Catholicism is often accused of putting people on guilt trips. Fr. Joseph Pellegrino says this is simply not true. Catholicism dares to invite people to consider their own participation in sin and seek forgiveness. It recognizes that our salvation is a process we are engaged in. We are not saved yet, we are being saved. It recognizes that we are human beings and that we can give in to temptation to sin. It tells us that the Lord was one of us.

And so we do not come to Mass to tell God how great we are. Fr. Phil Bloom reminds us that the Pharisee did that. We begin Mass by calling to mind our sins. It does not have be a detailed examination of conscience, but a simple recognition of the truth. And the truth is this: I have blown it. Before Communion we say, "Lord, I am not worthy." Who is? Only a Pharisee would think he deserves to receive something so incredible - the Body and Blood of Jesus.

College of Cardinals, New Evangelization

Jjust what is a Cardinal and what is the purpose of the college of Cardinals? Msgr. Charles Pope thought it it might be good to spend a brief time reflecting on thse two topics. He starts with a little history and then describes the present realities.

In a reflection on the Feast of St. Luke, Bishop Paul D. Etienne of the Diocese of Cheyenne talked about the New Evangelization. Fundamentally, he said, it is a call to every believer to come to a deeper awareness of the personal relationship they are called to in the person of Jesus Christ. Secondly, flowing from this vibrant relationship with Christ, each member of the Church is to find ways to speak of the significance of this relationship with Christ to others. Each of us are called to “proclaim the Good News” of Jesus Christ and the salvation He won for us to others.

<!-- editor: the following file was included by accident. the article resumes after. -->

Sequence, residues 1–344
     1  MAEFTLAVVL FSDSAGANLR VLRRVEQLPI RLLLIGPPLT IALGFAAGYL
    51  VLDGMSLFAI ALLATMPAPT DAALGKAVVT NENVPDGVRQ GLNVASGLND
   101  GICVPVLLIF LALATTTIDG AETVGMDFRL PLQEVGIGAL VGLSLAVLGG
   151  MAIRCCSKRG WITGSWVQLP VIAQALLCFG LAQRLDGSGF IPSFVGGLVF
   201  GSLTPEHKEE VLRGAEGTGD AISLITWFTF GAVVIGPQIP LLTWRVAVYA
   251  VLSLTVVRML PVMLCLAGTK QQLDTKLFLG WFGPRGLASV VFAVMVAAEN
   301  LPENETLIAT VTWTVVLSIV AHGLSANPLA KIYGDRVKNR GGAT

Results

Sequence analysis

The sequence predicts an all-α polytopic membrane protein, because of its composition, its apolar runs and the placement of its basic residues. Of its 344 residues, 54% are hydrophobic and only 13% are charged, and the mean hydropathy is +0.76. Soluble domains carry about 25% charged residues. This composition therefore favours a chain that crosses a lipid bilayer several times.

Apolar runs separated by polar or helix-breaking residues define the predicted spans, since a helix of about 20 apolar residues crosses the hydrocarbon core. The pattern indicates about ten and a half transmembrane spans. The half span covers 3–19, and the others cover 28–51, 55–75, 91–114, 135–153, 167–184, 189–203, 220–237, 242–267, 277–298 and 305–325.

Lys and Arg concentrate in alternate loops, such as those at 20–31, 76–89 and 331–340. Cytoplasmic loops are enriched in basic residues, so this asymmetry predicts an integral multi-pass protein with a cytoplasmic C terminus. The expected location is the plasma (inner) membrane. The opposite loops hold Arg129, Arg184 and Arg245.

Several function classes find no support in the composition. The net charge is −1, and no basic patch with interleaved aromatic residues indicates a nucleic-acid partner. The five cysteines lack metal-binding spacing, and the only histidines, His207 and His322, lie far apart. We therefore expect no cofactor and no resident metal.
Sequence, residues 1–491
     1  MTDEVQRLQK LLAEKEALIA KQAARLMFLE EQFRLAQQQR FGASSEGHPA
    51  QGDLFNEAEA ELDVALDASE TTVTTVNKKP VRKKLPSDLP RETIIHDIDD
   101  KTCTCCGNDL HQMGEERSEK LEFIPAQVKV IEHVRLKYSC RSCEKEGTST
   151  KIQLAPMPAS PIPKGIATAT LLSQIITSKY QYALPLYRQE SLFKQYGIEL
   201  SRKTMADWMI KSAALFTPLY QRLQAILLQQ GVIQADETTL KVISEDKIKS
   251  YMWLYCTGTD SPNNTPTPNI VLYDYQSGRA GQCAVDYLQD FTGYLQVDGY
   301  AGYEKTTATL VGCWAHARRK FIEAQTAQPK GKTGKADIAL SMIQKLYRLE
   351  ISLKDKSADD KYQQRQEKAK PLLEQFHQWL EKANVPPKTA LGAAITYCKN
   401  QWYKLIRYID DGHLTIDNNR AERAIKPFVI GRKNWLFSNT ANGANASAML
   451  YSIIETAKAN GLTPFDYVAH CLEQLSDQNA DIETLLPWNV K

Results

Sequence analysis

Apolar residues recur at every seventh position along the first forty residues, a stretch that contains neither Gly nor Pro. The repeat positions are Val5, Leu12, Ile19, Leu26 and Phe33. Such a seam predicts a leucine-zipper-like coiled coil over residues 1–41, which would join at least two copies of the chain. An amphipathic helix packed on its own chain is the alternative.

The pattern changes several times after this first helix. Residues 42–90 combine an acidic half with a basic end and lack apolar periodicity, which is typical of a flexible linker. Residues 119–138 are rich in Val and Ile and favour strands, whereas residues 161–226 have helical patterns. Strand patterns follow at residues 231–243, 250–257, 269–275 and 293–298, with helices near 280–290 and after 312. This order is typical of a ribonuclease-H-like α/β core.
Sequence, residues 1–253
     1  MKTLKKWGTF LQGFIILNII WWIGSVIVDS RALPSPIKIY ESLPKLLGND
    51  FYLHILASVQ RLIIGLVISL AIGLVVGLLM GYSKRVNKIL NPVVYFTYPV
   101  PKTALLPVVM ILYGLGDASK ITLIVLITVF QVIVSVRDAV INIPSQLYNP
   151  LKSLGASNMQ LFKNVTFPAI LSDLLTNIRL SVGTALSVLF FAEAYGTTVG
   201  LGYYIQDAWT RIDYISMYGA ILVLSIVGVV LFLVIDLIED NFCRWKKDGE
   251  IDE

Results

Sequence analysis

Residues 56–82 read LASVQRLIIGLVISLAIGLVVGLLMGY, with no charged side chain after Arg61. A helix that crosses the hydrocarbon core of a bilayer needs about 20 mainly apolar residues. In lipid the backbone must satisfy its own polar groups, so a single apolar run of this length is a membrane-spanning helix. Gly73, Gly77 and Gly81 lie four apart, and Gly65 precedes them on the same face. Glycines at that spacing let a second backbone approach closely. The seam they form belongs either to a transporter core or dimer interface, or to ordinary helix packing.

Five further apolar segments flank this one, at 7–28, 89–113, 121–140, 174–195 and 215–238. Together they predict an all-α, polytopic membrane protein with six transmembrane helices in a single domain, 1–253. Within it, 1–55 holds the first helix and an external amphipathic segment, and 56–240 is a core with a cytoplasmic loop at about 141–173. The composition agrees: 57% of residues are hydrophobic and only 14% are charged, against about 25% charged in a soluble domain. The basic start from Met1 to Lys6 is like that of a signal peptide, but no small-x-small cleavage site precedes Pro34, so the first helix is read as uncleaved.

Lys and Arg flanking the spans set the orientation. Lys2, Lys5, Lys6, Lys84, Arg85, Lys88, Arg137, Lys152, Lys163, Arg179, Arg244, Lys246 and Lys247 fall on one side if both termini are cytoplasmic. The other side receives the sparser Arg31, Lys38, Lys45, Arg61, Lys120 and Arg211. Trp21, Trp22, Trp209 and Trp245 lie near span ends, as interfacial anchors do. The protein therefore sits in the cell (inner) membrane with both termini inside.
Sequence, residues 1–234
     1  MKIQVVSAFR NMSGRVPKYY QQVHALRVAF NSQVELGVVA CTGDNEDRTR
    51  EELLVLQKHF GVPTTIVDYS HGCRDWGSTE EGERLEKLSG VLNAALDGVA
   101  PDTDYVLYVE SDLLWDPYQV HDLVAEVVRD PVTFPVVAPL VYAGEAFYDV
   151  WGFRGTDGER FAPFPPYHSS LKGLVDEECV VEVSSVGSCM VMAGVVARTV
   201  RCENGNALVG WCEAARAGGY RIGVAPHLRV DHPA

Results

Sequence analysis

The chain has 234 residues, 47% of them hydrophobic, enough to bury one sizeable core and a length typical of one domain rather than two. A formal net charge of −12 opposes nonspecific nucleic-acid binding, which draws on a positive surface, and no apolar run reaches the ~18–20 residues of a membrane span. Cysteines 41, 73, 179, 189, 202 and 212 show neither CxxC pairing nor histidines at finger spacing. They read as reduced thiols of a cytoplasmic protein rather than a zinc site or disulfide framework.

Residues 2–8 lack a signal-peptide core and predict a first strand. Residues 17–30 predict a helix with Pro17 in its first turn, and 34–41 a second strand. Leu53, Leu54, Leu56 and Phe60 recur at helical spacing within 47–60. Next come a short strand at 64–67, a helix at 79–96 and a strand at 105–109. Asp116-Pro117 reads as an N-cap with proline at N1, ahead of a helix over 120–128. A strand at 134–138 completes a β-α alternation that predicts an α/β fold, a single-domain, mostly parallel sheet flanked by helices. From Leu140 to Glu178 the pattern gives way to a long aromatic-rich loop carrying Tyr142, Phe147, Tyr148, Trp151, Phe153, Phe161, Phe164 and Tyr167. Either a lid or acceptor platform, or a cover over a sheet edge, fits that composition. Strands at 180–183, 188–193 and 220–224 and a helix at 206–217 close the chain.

Related to this, one of the six new saints canonized three years ago is now the model saint of the New Evangelization. Mother Giulia Salzano who died in 1929 intuited that the Lord was giving her a unique charism for her time: Catechesis. And she accepted this mission wholeheartedly, founding a congregation of catechists and teaching the faith till her death.

St. Teresa de Avila, Prayer & Marian Devotion

Marian Devotion is one of the pillars of our Church. Frank Weathers follows the thoughts of John C.H. Wu on 'Our Lady and the Catholic Church.' He talks about the epilogue of his book Beyond East and West, which he says is one of the best answers to the question "Why do Catholics venerate Mary and why is this important?"

Every year on October 15th, we celebrate the feastday of Saint Teresa of Avila, Saint and Doctor of the Catholic Church. We have listed the Top Ten Quotes from St. Teresa. Go over each one of them and find out which one is your favorite.

Also, it is rather well known that St. Teresa had to overcome numerous difficulties in the spiritual life. Among these difficulties, finding a good spiritual director was particularly challenging. Even today, we face the same challenge.Even if we admit the normalcy and occasional necessity of spiritual direction, there is yet the great difficulty of finding a spiritual director whom we trust. What are the characteristics of a good spiritual director? The Catholic Encyclopedia offers helpful guidance in this matter.

Second Thoughts on Sola Scriptura

This week we present a very moving testimony from a person who is seeking a personal response to the grace of God that has him in its grasp. Paul Dion prefaces this Protestant Christian's reflection by explaining that becoming a disciple of God in the Catholic Community is a very challenging call. We invite you to sit up, join the author, Caleb Roberts, and feel the pulse of his emotions as he pours his heart out to us by describing the shortcomings of one of the central beliefs of Evangelical Protestantism, “Sola Scriptura.”

Jobless Benefits Trumps Jobs

We just can't seem to get any break from the grim economic situation gripping the US. The official unemployment continues to hover at around 10% while the unofficial numbers in some states say it's as high as 20%. But for some people, jobless benefits oftentimes trump getting a job. You know the economy has become truly screwy when it pays more to collect jobless benefits than to get an actual job. Let's continue to pray for the jobless among us. and their families.

Another eventful world in our Catholic World. Have a great and blessed new week.

Keep the Faith. Peace.

Wally Arida
Publisher & Editor in chief

BURNING QUESTION: What is Conscience?
FEATURED BLOG: Second Thoughts on Sola Scriptura
VOCATION NEWS: The Future Needs Priests PASTORAL HISPANA: Todos estamos llamados a ser misioneros